A recent study has found that most cats and dogs are inhaling and eating toxic gases and contaminated materials like fire retardants, mercury, chemicals used in furniture, fabrics and electronics and in stain-proof coatings. There are several possibilities wherein your dog or cat usually get prone to such chemicals and other liquids splashed on the floor.
According to a new study by the Environmental Working Group, a Washington, D.C.-based nonprofit research organization, swarming chemicals are highly toxic for pets. Where some of us are fussing for our infants and toddlers concerning the baby bottles and prescription drugs; our pets although are in danger! According to Bill Walker, vice president for the West Coast office of the group, the high chemical levels to laws that allow companies to use chemicals that have not been proven to be injurious even though they may still have harmful effects. But it’s found from a new study that dangerous chemicals in cats and dogs are mostly through household chemicals. For both, the kids and pets, the exposure is greater and resulting health risks are higher. The article shows how industrial chemicals and toxins used in clothing, food, toys and cosmetics have entered into human blood.
The study that was released by Berkeley-East Bay Humane Society, has found that the pets were contaminated with chemicals including plasticizers, grease-proofing chemicals and fire retardants. There was a blood and urine test done for both the dog and cat respectively. The study of blood and urine samples from 20 dogs and 40 cats showed that the pets were contaminated with 48 of 70 industrial chemicals tested including 43 at levels higher than those typically found in people. Some of the conclusions show that basic everyday items we use, or track into our houses, could be responsible.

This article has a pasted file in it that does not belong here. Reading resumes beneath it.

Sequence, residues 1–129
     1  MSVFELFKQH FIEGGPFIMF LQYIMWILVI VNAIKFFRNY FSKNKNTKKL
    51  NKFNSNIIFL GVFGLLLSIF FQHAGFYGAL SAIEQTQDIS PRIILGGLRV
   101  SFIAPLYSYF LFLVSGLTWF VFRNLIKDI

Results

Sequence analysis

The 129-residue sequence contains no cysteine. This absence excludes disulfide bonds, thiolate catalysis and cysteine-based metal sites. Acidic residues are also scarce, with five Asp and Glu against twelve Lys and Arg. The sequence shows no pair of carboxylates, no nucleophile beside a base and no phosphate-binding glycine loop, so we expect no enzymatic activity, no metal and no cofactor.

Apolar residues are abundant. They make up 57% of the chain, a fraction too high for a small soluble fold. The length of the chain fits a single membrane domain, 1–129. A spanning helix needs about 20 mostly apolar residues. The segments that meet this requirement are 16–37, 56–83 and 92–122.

The typical worry are the carcinogens, as dogs suffer from a much higher rate of cancer than humans do, including 35 times more skin cancer, 4 times more breast tumors, 8 times more bone cancer, and twice the incidence of leukemia, according to the Texas A&M Veterinary Medical Center in 2008. Cancer is the second leading cause of death in dogs and as much as 20 to 25 percent of dogs die of the disease.
Cat samples comprised of a total of 46 chemicals, including 9 carcinogens, 40 chemicals toxic to the reproductive system, 34 neurotoxins, and 15 chemicals toxic to the endocrine system.
“There’s been an increase in cancer in dogs and cats and hyperthyroidism in cats,” said Gary Richter, a veterinarian at Montclair Veterinary Hospital in Oakland who attended the news conference.
Cats and dogs are more polluted with toxic synthetic industrial chemicals than humans, according to the new study released on April 17 by the EWG, which has earlier found a range of toxic chemicals in newborns. Pets contract these toxic chemicals due to them being so close to the floor, licking the floor, etc. The group is pushing for better regulation and for safer products. The report notes that in America there are 8 times more companion dogs and cats than there are children under five. Seventy percent more homes have dogs or cats than children of any age.